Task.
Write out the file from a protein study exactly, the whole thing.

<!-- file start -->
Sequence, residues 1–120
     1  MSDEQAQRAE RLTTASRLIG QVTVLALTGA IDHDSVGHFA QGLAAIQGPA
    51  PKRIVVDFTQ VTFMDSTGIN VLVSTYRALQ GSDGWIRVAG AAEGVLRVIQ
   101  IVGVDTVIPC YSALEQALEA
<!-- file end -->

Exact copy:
Sequence, residues 1–120
     1  MSDEQAQRAE RLTTASRLIG QVTVLALTGA IDHDSVGHFA QGLAAIQGPA
    51  PKRIVVDFTQ VTFMDSTGIN VLVSTYRALQ GSDGWIRVAG AAEGVLRVIQ
   101  IVGVDTVIPC YSALEQALEA